, July 2007
The Naxos-Furtwängler series dedicated to the conductor’s commercial recordings made between 1940 and 1950 has now reached volume five. It’s an all-Brahms disc and gives us the well-known Vienna traversals of 1947 and 1949.
He left behind many recordings of the C minor Symphony, both commercial and broadcast, but even the greatest proponent of Furtwängler’s work would hardly dare to claim that this 1947 recording stands at the summit. The most dramatic and coruscating example is unfortunately only a torso – the wartime broadcast of the Adagio, an incandescent example of his art and as with so many wartime survivals an example of just how intense his conducting could become. The North German performance of 1951 is probably the most recommendable; it doesn’t quite capture the blazing power of the wartime Adagio but it is powerful – and in this respect superior to the 1947 Lucerne Festival, the 1950 V.P.O, the 1952 Turin or the 1953 Berlin. There’s a 1954 Venezuela performance that I’ve never managed to hear.
One of the most absorbing elements of this performance is to trace tempo modifications. These are of the usual, idiosyncratic Furtwängler kind though never as abrupt or as extreme as wartime symphonic broadcasts. Phrasing is plastic, the Vienna strings sing richly, the brass is clear but the percussion is recessed. One thing that one notices is the relative want of energy in transitional passages. This happens most obviously in the first movement but even in the finale – which is taken broadly up to tempo – there’s a sense of things held in check. However noble the peroration here may be, it has to be admitted that this studio performance fails to generate requisite voltage.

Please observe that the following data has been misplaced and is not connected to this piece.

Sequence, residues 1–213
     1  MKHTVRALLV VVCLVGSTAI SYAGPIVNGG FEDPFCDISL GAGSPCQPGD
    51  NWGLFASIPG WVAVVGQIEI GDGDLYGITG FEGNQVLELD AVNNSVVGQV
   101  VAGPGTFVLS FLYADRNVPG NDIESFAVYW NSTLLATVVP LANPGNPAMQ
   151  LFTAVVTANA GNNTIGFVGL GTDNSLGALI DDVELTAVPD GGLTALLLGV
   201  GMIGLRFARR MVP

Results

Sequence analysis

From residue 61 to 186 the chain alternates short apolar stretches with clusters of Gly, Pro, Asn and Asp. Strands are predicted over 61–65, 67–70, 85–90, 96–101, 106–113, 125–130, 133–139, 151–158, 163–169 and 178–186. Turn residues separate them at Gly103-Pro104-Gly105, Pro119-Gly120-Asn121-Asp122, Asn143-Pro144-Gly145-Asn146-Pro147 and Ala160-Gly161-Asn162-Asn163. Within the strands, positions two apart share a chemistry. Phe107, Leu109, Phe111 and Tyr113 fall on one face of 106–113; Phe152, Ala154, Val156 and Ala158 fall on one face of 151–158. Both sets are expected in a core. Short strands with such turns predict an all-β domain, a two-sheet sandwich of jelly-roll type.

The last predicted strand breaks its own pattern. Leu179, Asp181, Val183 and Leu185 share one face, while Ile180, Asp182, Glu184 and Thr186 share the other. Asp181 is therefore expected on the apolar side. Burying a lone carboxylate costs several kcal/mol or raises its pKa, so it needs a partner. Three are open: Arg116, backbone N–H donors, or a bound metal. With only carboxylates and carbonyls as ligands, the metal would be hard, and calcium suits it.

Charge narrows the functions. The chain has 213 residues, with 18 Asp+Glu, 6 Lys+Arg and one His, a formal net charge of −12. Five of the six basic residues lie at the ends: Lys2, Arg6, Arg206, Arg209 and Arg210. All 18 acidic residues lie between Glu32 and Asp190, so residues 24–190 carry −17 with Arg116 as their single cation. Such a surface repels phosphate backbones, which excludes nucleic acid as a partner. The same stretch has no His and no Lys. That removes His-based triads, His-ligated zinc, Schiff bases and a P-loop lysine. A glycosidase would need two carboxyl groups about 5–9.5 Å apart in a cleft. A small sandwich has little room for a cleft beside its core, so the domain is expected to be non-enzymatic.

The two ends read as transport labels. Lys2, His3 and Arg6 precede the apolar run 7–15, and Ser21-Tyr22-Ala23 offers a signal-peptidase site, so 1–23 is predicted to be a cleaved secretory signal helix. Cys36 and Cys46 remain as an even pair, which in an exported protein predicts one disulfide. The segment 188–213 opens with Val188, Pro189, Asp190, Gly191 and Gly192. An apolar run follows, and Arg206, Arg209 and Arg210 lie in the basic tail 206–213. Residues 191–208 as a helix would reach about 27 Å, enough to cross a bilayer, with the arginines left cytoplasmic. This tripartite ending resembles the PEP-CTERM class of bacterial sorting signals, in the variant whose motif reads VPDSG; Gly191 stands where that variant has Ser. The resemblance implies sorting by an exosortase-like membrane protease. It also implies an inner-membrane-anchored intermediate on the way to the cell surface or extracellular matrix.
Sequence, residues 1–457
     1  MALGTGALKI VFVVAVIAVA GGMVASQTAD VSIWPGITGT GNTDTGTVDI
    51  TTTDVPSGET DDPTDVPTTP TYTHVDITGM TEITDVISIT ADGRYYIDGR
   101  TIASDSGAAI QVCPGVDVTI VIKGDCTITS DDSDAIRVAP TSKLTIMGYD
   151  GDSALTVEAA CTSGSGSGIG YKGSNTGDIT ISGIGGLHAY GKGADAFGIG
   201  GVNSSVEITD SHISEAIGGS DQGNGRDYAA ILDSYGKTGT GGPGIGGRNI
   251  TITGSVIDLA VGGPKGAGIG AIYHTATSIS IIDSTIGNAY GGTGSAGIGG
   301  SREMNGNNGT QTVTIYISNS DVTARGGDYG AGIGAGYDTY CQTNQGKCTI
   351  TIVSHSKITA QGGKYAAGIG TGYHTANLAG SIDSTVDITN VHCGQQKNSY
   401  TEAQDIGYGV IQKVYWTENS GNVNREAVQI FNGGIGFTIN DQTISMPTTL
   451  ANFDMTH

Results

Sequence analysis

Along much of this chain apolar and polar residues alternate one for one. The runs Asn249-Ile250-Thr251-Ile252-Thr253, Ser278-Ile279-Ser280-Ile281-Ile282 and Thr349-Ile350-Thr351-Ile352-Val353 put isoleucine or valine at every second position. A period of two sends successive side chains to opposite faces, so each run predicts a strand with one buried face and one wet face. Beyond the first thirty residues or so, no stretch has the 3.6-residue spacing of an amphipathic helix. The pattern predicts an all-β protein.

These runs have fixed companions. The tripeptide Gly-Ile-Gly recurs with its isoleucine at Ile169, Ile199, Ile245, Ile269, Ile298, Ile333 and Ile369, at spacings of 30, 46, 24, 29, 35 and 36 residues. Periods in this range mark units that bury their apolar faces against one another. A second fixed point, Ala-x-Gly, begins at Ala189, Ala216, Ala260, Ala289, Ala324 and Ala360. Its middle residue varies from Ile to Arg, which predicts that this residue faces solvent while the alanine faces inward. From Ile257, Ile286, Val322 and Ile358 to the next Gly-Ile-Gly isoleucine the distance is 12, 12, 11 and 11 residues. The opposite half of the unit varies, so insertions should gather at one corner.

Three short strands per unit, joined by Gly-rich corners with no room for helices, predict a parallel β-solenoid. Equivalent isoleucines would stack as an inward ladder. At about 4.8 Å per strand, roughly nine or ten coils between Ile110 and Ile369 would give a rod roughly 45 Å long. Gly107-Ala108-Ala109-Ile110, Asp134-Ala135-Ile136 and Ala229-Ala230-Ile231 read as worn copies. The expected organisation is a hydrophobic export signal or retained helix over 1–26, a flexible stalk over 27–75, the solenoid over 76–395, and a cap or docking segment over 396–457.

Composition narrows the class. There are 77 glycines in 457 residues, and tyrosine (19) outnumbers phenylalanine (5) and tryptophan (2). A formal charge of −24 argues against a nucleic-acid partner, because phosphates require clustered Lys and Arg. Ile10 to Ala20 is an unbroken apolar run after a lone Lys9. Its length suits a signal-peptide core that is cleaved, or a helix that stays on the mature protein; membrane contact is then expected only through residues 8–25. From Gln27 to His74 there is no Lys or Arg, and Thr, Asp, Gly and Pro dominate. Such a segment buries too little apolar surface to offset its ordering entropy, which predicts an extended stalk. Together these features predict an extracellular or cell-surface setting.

There are seven surviving Furtwängler Haydn Variations recordings. This one is rather becalmed. Having recently listened to a live Beecham performance given in the studio at around the same time and now issued for the first time on Somm, one notices the differences in matters of vitality. Warmly moulded though this Furtwängler performance is things can drag slightly. The seventh variation is a particular case in point, where the underlying pulse sounds rather turgid and receives insufficient rhythmic lift.
Ward Marston’s transfers sound well. He’s retained some surface hiss and those higher frequencies, thankfully, but whilst other restoration engineers might have reached for their graphs and “restored” that recessive percussion he’s given us a natural sounding pair of transfers. Neither performance shows the conductor quite at his best but they are important examples of his art nonetheless.